7 Types of Windows for Your Home

If it’s time to replace the windows in your home, you have quite a few types of windows to consider. With so many window styles on the market, how can you possibly decide which one is right for your home? 

While exploring types of windows, keep the following criteria in mind before making a final decision:

  • How do you want the windows to open (if they open at all)?
  • Do you plan to install screens?
  • Are the windows easy to clean and reseal when needed?
  • How secure are the windows, and how will they impact your home security?

In this article, we’ll explore seven types of windows for your home, consider the points above for each option, and help you decide which window type is right for you. 

Grand picture windows in an organic modern living room.

Grand picture windows in an organic modern living room.

#1 Picture Windows

Picture windows are a popular choice for residential projects for a variety of reasons. These can include:

  • They don’t open, but they’re typically large and can provide sweeping views of the outdoors.
  • Since they don’t open, homeowners don’t have to worry about installing screens for pest prevention. 
  • They’re easy to clean since they don’t include any moving parts—they’re only constructed from a single sheet of glass and a frame.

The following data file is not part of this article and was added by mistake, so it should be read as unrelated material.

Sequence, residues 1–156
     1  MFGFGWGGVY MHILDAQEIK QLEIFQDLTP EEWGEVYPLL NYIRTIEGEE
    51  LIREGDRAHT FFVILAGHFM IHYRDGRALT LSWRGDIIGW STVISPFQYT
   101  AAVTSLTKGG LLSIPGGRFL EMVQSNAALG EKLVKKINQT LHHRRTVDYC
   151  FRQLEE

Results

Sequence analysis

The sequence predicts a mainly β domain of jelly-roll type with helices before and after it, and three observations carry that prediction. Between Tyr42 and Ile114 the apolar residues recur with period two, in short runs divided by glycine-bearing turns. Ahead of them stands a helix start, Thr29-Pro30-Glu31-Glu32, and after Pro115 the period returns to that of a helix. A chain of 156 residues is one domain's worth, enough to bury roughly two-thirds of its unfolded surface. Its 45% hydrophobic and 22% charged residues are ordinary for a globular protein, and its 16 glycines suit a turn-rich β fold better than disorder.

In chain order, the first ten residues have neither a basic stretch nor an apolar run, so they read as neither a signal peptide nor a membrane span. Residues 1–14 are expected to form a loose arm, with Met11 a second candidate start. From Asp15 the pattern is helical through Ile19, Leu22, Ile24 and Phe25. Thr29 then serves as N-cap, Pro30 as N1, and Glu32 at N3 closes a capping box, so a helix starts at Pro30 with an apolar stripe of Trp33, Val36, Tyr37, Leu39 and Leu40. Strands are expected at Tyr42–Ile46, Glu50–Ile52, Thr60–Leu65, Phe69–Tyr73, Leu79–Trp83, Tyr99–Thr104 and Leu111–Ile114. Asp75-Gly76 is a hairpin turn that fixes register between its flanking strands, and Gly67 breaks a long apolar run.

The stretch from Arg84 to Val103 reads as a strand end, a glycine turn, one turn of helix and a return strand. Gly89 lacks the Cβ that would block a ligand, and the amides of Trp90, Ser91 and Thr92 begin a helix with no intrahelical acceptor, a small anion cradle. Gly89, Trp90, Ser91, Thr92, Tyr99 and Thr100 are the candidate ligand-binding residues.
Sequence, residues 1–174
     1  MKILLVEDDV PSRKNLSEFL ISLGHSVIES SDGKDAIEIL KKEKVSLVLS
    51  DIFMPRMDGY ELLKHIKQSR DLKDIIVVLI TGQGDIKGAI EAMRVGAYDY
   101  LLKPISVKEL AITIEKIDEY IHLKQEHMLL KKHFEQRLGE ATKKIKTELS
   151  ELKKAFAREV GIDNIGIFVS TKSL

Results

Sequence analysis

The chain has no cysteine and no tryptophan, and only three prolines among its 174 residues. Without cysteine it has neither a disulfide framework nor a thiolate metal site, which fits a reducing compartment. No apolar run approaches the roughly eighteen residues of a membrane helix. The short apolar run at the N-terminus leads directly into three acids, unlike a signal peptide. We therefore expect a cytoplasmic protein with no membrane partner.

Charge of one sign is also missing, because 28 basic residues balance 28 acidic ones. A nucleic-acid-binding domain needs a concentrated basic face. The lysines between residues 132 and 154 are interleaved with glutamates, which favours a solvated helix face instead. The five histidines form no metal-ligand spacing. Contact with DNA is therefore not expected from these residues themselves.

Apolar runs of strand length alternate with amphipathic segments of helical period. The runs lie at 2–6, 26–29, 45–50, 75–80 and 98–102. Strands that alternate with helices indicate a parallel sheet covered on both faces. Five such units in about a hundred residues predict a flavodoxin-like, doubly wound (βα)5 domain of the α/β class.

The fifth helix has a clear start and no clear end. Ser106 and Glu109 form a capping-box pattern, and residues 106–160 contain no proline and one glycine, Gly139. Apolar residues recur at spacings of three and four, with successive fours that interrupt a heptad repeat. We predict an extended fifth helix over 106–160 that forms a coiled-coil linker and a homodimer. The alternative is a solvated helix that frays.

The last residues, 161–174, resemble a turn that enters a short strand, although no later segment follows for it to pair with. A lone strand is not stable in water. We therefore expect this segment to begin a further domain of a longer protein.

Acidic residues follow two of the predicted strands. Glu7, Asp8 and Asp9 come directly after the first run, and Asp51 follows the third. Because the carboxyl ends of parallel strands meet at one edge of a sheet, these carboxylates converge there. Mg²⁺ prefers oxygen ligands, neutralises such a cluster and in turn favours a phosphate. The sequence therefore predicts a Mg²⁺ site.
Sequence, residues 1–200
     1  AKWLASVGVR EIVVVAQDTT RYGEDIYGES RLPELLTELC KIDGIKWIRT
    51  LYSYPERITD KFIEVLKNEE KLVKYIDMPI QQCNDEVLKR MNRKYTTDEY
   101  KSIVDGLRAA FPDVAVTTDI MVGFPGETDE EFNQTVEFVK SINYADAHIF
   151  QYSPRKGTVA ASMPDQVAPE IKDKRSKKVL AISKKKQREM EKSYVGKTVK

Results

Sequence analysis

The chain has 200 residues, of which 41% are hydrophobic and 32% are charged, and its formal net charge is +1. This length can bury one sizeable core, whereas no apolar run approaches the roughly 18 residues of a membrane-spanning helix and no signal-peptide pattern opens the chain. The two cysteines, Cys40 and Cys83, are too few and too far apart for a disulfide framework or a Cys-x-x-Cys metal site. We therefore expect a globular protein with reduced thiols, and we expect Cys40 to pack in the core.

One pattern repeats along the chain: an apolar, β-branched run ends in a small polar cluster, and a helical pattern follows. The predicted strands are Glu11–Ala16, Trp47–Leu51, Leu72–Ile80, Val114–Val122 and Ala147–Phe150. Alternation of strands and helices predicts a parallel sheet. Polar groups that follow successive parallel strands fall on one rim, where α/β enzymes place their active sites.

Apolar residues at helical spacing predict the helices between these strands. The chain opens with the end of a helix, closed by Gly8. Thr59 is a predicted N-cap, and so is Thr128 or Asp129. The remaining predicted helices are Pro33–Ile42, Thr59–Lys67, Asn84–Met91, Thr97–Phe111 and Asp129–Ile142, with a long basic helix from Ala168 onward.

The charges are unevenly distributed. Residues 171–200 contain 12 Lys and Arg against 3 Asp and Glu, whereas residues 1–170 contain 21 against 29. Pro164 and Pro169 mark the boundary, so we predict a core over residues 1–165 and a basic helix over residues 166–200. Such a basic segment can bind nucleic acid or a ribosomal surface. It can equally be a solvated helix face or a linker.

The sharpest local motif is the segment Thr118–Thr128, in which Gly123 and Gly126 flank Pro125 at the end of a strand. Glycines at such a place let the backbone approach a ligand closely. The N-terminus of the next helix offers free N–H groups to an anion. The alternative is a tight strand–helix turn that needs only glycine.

• Since the windows don’t open, they don’t present an entrance option for burglars, pests, and water. 

If you’re replacing a group of windows or have the exterior wall space to add a large window, a picture window could be an excellent option for your upcoming remodel or new construction project. 

Gorgeous bay window on a house.

Gorgeous bay window on a house.

#2 Bay Windows

Like picture windows, bay windows can offer incredible views and provide a unique architectural feature to your home’s exterior footprint. They’re popular among new home builders and renovators alike because:

  • They’re versatile—homeowners can use opening or non-opening windows depending on their preferences. 
  • Homeowners can choose whether or not they want to install screens. If they don’t want the windows to open, they can skip screening for pests and insects. 
  • While bay windows that open can change your home’s security profile, bay windows with stationary panes have similar security benefits as picture windows. 

But, bay windows have a drawback—they’re not as easy to clean as a picture window. Since bay windows typically consist of three or more windows that create a trapezoid shape, dust and dirt can collect in the joints between the window frames. 

An awning window open on a house.

An awning window open on a house.

#3 Awning Windows

Awning windows open outward and upward, creating a 45–90 degree angle with an exterior wall. Awning windows are versatile, offering many reasons to love them:

  • They open, so they can provide additional airflow during temperate seasons.
  • Homeowners can install screens if they wish or leave the windows unscreened.
  • They’re easy to clean and reseal—to access the frame, just open the window.

However, since awning windows open, they present an entrance opportunity for pests and ne’er do wells. Homeowners who choose this type of window should consider adding a window alarm for additional home security.

A casement window opening to the backyard

A casement window opening to the backyard.

#4 Casement Windows

A casement window is a popular choice in cottage-style homes—they provide rustic appeal, they’re easy to use, and the frames can tie into both the interior and exterior design palettes.